The article describes the process of Thermit welding (also known as thermite welding) using 39 photos taken by Christina Nöbauer on 14 October 2016 during construction work on the Pinzgauer Lokalbahn in Zell am See. This is a narrow-gauge railway with a gauge of 760 mm (Bosnian gauge) in the Austrian province of Salzburg.
The entire sequence lasted about half an hour, which is documented in the time stamps shown in the captions. The high-resolution photos can be enlarged by clicking on them.
The rails are already laid. The rail ends are cut with a flame cutter so that a 20 mm wide gap remains between the rail ends.
After cutting to size, the rails are aligned against each other with a 1 m long ruler. Special attention must be paid to the clean vertical alignment of the rail top edge, because this has a high influence on the running surface and thus on the vibrations and running noise of the rail vehicles. The rail feet must also be mutually aligned so that there is as large as possible a contact surface for the weld metal at the rail ends.
Split moulds are attached to the sides of the aligned rails and pressed onto the rail with retaining plates. The clamping device is attached to one of the two rail heads with the required dimensional adjustment and is later used to position the half moulds between the retaining plates.
The fixture is used for positioning and clamping the casting half moulds during pre-heating, casting and cool-down. The gaps between rails and casting half moulds are sealed with moulding sand compound.
Today, the crucible
or melting pot is often a ready-filled disposable metal bucket with a fireclay lining. It is positioned exactly above the sprue.
The vertical distance between the crucible and the split moulds should exeed 40 mm. The opening of the crucible must not touch the split moulds, because otherwise the plug will not be exposed,
which would prevent the molten thermite steel from leaking out.
Placing a crucible cap with a central hole insulates and protects against splashes, while the powder mixture is smoking due to the exothermic reaction. To be on the safe side, the igniter is added and ignited only after the assembly.
In the past, casting was triggered manually, today it is usually done automatically by a melting plug. As soon as the metal is hot enough as a result of the exothermic reaction, the metal plug at the bottom of the crucible melts, which up to this point closes a hole in the bottom of the crucible. The molten metal then flows between the rail ends sealed with the split moulds and the quartzs sand putty.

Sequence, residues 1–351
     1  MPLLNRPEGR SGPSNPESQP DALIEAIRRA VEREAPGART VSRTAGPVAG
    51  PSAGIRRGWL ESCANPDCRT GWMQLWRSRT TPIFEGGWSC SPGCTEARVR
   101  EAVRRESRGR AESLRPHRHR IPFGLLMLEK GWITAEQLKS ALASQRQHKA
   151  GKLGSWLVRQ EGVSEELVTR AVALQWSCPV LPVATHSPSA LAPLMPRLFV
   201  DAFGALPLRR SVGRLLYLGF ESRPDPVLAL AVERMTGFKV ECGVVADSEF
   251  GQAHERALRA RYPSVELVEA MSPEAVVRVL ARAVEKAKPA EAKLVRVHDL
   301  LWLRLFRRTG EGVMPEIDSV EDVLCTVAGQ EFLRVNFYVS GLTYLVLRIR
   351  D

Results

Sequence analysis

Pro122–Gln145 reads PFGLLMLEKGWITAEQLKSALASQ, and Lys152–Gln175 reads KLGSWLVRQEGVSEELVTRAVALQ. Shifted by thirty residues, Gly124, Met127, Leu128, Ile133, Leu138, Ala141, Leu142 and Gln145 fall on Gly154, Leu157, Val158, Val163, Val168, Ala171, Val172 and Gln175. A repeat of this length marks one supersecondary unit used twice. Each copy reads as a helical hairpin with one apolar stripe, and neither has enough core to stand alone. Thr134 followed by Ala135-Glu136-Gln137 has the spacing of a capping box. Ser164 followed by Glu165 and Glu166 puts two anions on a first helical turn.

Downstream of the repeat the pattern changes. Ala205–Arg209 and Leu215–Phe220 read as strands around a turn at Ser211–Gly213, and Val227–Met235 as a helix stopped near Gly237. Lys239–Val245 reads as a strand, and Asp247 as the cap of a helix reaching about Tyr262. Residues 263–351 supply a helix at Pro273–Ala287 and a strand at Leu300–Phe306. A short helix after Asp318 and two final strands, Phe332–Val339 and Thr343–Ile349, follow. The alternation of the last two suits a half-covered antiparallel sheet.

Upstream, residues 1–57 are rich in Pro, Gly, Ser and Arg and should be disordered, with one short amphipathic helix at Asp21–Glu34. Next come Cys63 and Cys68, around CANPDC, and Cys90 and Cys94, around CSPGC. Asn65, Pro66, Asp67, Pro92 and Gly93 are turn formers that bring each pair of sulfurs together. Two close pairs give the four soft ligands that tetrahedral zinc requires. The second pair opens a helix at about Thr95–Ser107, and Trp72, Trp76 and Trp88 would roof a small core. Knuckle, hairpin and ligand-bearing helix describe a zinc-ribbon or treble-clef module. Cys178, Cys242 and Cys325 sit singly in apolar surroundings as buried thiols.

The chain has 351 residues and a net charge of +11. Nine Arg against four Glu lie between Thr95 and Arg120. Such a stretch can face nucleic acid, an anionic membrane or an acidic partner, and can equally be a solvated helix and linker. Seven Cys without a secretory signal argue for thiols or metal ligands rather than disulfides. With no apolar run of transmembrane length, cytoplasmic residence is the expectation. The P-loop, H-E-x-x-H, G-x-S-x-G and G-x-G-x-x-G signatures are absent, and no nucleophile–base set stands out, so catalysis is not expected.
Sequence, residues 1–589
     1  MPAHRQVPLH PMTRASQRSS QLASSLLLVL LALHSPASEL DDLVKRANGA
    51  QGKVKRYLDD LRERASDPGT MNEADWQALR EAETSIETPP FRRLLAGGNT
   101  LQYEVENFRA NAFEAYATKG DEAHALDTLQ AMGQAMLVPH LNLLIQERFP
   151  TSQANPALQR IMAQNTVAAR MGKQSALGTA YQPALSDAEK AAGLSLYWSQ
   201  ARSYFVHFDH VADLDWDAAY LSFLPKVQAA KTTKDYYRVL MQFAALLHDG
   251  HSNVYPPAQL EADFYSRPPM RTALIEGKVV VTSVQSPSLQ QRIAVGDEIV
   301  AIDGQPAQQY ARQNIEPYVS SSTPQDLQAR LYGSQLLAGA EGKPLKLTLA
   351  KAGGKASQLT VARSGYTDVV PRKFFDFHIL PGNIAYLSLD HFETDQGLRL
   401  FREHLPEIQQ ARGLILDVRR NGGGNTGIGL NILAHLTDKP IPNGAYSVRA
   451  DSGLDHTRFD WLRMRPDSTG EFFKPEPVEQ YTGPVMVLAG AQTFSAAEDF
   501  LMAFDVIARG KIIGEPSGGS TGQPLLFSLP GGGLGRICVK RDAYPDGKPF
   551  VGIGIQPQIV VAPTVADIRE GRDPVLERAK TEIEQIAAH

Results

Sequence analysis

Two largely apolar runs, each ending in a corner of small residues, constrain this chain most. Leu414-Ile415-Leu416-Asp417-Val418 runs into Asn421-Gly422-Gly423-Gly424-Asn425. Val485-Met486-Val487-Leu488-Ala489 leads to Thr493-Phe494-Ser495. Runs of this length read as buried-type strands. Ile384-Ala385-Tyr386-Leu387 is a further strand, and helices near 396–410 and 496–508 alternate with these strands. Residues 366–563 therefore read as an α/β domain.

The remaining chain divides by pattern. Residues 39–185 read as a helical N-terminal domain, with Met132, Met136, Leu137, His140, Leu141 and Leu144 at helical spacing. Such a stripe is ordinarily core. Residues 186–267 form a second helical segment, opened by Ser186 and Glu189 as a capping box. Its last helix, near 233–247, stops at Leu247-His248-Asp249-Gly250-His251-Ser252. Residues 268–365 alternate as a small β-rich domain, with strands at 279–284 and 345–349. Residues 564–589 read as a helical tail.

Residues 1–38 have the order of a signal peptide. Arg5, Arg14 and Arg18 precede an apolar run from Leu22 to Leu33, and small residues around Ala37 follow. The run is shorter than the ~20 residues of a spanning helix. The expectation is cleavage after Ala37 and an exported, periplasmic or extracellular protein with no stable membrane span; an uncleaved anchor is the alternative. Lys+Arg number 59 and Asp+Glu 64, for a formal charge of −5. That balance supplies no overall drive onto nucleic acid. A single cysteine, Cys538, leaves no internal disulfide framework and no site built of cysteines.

The molten steel runs into the mould and melts the rail ends. The molten weld metal fills the gap and overflows into two collecting pots at the riser channels, which have to be removed at a later stage.
The molten steel runs into the mould, fills it up and overflows along riser channels, melting the rail ends slightly.
After about 3 minutes the steel has solidified in the mould. Afterwards, the retaining plates which compressed the split moulds can be carefully removed.
After solidification, the casting half moulds are only removed above the upper edge of the rail.
The head bead above the top of the rail is carefully cut off with a hydraulic shearing device. The foot risers and the remaining parts of the moulds remain at the weld or at the rail, until the
weld has cooled down. When cleaning the weld joint of moulding sand residues and remnants of the split moulds, the hot rail must not be touched by using the hammer ot other impact
After shearing off the flash at the rail head, the running surface and the running edge are pre-ground while still hot.
Grinding is intended to achieve a rail surface and running edge that is as flat as possible, as it will come into contact with the running surfaces, wheel flange flanks and wheel flanges during
Finally, it must be assessed, whether the weld meets the quality requirements, before it is approved for railway operation.
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